package FFI::Platypus::Legacy::Raw;

use strict;
use warnings;
use FFI::Platypus;
use FFI::Platypus::Legacy::Raw::Platypus;
use FFI::Platypus::Legacy::Raw::Callback;
use FFI::Platypus::Legacy::Raw::Ptr;
use FFI::Platypus::Legacy::Raw::MemPtr;
use overload
  '&{}'  => \&coderef,
  'bool' => \&_bool;

# ABSTRACT: Perl bindings to the portable FFI library (libffi)
our $VERSION = '0.06'; # VERSION

sub _bool {
  my $ffi = shift;
  return $ffi;
}


sub _new
{
  my($class, $ffi, $id, $ret_type, @types) = @_;
  my $f = $ffi->function($id => \@types => $ret_type);
  bless [$f], $class;
}

sub new
{
  my($class, $library, $function, @types) = @_;
  my $self = $class->_new(
    defined $library ? _ffi $library : _ffi_libc,
    $function,
    @types
  );
  $self->[1] = $function;
  $self;
}


sub new_from_ptr
{
  my($class, $ptr, @types) = @_;
  $class->_new(
    _ffi_package,
    $ptr,
    @types,
  );
  
}


sub call
{
  my $self = shift;
  $self->[0]->call(@_);
}


sub coderef
{
  my $self = shift;
  return sub { $self->call(@_) };
}


sub memptr { FFI::Platypus::Legacy::Raw::MemPtr->new(@_) }


sub callback { FFI::Platypus::Legacy::Raw::Callback->new(@_) }


sub void ()  { 'v' }


sub int ()   { 'i' }


sub uint ()   { 'I' }


sub short ()   { 'z' }


sub ushort ()   { 'Z' }


sub long ()   { 'l' }


sub ulong ()   { 'L' }


sub int64 ()   { 'x' }


sub uint64 ()   { 'X' }


sub char ()  { 'c' }


sub uchar ()  { 'C' }


sub float () { 'f' }


sub double () { 'd' }


sub str ()   { 's' }


sub ptr ()   { 'p' }


sub attach
{
  my($self, $perl_name, $proto) = @_;

  unless(defined $perl_name)
  {
    $perl_name = $self->[1];
    unless(defined $perl_name)
    {
      require Carp;
      Carp::croak("Cannot determine function name from a pointer");
    }
  }

  # some of this logic is unfortunately replicated
  # in FFI-Platypus :/
  if($perl_name !~ /::/)
  {
    my $caller = caller;
    $perl_name = join '::', $caller, $perl_name;
  }
  
  $self->[0]->attach($perl_name, $proto);
}


sub platypus
{
  my(undef, $library) = @_;
  unless(defined $library)
  {
    require Carp;
    Carp::croak("cannot get platypus instance for undef lib");
  }
  _ffi $library;
}


1;

__END__

=pod

=encoding UTF-8

=head1 NAME

FFI::Platypus::Legacy::Raw - Perl bindings to the portable FFI library (libffi)

=head1 VERSION

version 0.06

=head1 SYNOPSIS

 use FFI::Platypus::Legacy::Raw;
 
 my $cos = FFI::Platypus::Legacy::Raw->new(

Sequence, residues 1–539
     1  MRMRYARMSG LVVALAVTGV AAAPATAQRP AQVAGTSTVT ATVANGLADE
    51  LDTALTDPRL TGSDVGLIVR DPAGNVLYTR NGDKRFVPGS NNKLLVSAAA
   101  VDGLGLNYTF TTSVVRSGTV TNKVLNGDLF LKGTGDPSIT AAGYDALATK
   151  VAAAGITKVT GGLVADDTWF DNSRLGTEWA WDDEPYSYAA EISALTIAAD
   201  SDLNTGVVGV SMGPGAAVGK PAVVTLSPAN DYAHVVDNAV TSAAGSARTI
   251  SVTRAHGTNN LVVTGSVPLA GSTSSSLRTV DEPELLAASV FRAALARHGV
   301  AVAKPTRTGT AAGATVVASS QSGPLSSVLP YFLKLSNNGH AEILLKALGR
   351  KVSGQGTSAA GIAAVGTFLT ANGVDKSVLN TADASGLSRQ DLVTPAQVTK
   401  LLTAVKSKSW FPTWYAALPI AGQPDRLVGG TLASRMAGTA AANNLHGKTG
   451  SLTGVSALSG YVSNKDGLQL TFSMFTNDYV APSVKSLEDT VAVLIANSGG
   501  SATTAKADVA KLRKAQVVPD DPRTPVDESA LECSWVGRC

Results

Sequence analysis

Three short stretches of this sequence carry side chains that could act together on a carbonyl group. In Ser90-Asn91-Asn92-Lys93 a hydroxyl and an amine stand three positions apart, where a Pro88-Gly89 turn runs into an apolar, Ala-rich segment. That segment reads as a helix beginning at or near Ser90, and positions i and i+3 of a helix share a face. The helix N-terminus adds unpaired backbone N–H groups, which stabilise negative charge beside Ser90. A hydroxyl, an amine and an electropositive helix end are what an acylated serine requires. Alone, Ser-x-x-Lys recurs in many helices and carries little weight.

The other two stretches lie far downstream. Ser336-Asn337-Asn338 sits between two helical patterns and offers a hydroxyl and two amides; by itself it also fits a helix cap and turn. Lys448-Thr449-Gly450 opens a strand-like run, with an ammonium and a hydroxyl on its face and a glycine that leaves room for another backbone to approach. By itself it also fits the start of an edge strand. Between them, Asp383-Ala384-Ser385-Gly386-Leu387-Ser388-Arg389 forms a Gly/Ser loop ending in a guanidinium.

'libm.so', 'cos',
   FFI::Platypus::Legacy::Raw::double, # return value
   FFI::Platypus::Legacy::Raw::double  # arg #1
 );
 
 say $cos->call(2.0);

=head1 DESCRIPTION

B<FFI::Platypus::Legacy::Raw> and friends are a fork of L<FFI::Raw> that uses L<FFI::Platypus>
instead of L<FFI::Raw>'s own libffi implementation.  It is intended for use when migrating from
L<FFI::Raw> to L<FFI::Platypus>.  The main reason one might have for switching from Raw to Platypus
is because Platypus is actively maintained, provides a more powerful interface, can be much faster
when functions are "attached", and works on more platforms than Raw.  This module should be a drop
in replacement for L<FFI::Raw>, simply replace all instances of C<FFI::Raw> to
C<FFI::Platypus::Legacy::Raw>.  See also L<Alt::FFI::Raw::Platypus> for a way to use this module
without making any source code changes.

B<FFI::Platypus::Legacy::Raw> provides a low-level foreign function interface (FFI) for Perl based
on L<libffi|http://sourceware.org/libffi/>. In essence, it can access and call
functions exported by shared libraries without the need to write C/XS code.

Dynamic symbols can be automatically resolved at runtime so that the only
information needed to use B<FFI::Platypus::Legacy::Raw> is the name (or path) of the target
library, the name of the function to call and its signature (though it is also
possible to pass a function pointer obtained, for example, using L<DynaLoader>).

Note that this module has nothing to do with L<FFI>.

=head1 CONSTRUCTORS

=head2 new

 my $ffi = FFI::Platypus::Legacy::Raw->new( $library, $function, $return_type, @arg_types )

Create a new C<FFI::Platypus::Legacy::Raw> object. It loads C<$library>, finds the function
C<$function> with return type C<$return_type> and creates a calling interface.

If C<$library> is C<undef> then the function is searched in the main program.

This method also takes a variable number of types, representing the arguments
of the wanted function.

=head2 new_from_ptr

 my $ffi = FFI::Platypus::Legacy::Raw->new_from_ptr( $function_ptr, $return_type, @arg_types )

Create a new C<FFI::Platypus::Legacy::Raw> object from the C<$function_ptr> function pointer.

This method also takes a variable number of types, representing the arguments
of the wanted function.

=head1 METHODS

=head2 call

 my $ret = $ffi->call( @args)

Execute the C<FFI::Platypus::Legacy::Raw> function. This method also takes a variable number of
arguments, which are passed to the called function. The argument types must
match the types passed to C<new> (or C<new_from_ptr>).

The C<FFI::Platypus::Legacy::Raw> object can be used as a CODE reference as well. Dereferencing
the object will work just like call():

 $cos->call(2.0); # normal call() call
 $cos->(2.0);     # dereference as CODE ref

This works because FFI::Platypus::Legacy::Raw overloads the C<&{}> operator.

=head2 coderef

 my $code = FFI::Platypus::Legacy::Raw->coderef;

Return a code reference of a given C<FFI::Platypus::Legacy::Raw>.

=head1 SUBROUTINES

=head2 memptr

 my $memptr = FFI::Platypus::Legacy::Raw::memptr( $length );

Create a L<FFI::Platypus::Legacy::Raw::MemPtr>. This is a shortcut for C<FFI::Platypus::Legacy::Raw::MemPtr-E<gt>new(...)>.